Posts Tagged ‘Richard Gere’

Brooklyn’s Finest

March 29th, 2010
Brooklyn’s Finest

Brooklyn’s Finest

Rating: ★★★★☆

Movie: Brooklyn’s Finest (2010)

Studio : Millenium Films

Info : Click Here

Runtime : 132 min

Website :

Trailer :


I’m currently teaching a class in introductory literature, during which students are required to read one play. This semester, that play will be Oedipus Rex. As I’ve been rereading the play and attempting to tie it into my lessons on Greek tragedy, I couldn’t help but think of Brooklyn’s Finest, which stars three characters who could easily be tragic heroes in a Greek drama.

The first is Tango (Don Cheadle), a narc who’s been undercover for so long that he’s become confused about where his loyalties lie, particularly to Caz (a returning Wesley Snipes), a drug dealer who apparently saved him during a prison riot when he did an undercover stint there. Eddie (Richard Gere) is a burnt-out patrolman with seven days left before retirement. We first see him when he wakes himself up by chugging some whiskey and pointing a revolver into his mouth. Ethan Hawke is Sal, a detective with a wife and family that’s too big to support, with a set of twins on the way. In desperation, he’s taken to robbing drug dealers.

The movie intercuts these three stories, as we’re meant to see the hardships that real New York City cops endure: it’s the antidote to the fake buddy cop picture. We see Tango’s frustration appear to drift into borderline madness as he keeps being promised Detective First Grade by his supervisor (Will Patton) and threatened by a slimy agent (Ellen Barkin) if he doesn’t bust Caz. Eddie’s being asked to mentor rookie cops by taking them into the high-crime Brooklyn streets that have worn him down. His “retirement ceremony” brings some dark humor, all the more because it’s so sad. Sal’s wife (Lili Taylor) has to go to the hospital because of mold on the ceiling, which is threatening the health of her unborn twins. “Can you move to a bigger house?” the doctor asks. If only he knew…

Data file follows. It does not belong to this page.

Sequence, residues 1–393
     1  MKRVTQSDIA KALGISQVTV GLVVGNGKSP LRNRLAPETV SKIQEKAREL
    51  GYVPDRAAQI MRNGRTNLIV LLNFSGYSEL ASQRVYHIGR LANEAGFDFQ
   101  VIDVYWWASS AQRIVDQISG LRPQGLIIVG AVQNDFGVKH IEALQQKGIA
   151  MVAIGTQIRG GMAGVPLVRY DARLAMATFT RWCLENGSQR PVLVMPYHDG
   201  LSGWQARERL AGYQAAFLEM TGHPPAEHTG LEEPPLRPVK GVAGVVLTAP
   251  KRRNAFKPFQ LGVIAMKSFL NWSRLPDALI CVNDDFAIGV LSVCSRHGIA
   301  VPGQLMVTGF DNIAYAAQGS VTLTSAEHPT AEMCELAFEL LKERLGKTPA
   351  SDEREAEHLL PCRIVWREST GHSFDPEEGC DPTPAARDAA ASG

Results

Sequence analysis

The pacing here is excellent. Antoine Fuqua, the director of Training Day, does a great job at moving back and forth between these three stories, never dwelling on one for too long but allowing us enough time to get to know each character. The only downside was I had a hard time sympathizing with Hawke’s character, who seems to have put himself in his predicament of “too many kids.” My reasons will make me sound inhuman, so I’ll stop there.

The cinematography is fitting to the story as well. We don’t see overhead shots of the Brooklyn Bridge with the Manhattan skyline in the background, like most New York-set movies. Shots are limited to the streets, because this is the world occupied by these cops. The romance of New York is lost by most people who live there, but these guys appear to see it as a crime-ridden hellhole. With the exception of a shot of a subway station and the Brooklyn accents (well-done by both Gere and Hawke), this could really take place in any city.

One of my favorite movies is Requiem for a Dream, based on the Hubert Selby book. I hadn’t seen his name on any of the previews, but I wondered for a bit if the screenplay had been adapted from one of his novels. Brooklyn served as a fitting backdrop for his stories, all of which focused on multiple characters suffering from their own faults, and ultimately, succumbing to the consequences to follow. Michael C. Martin and Brad Caleb Kane, the screenwriters, certainly seem to have been inspired. It’s well-written and well-made. Not as good as Training Day, but worth the trip to the theater.

-Craig Wynne

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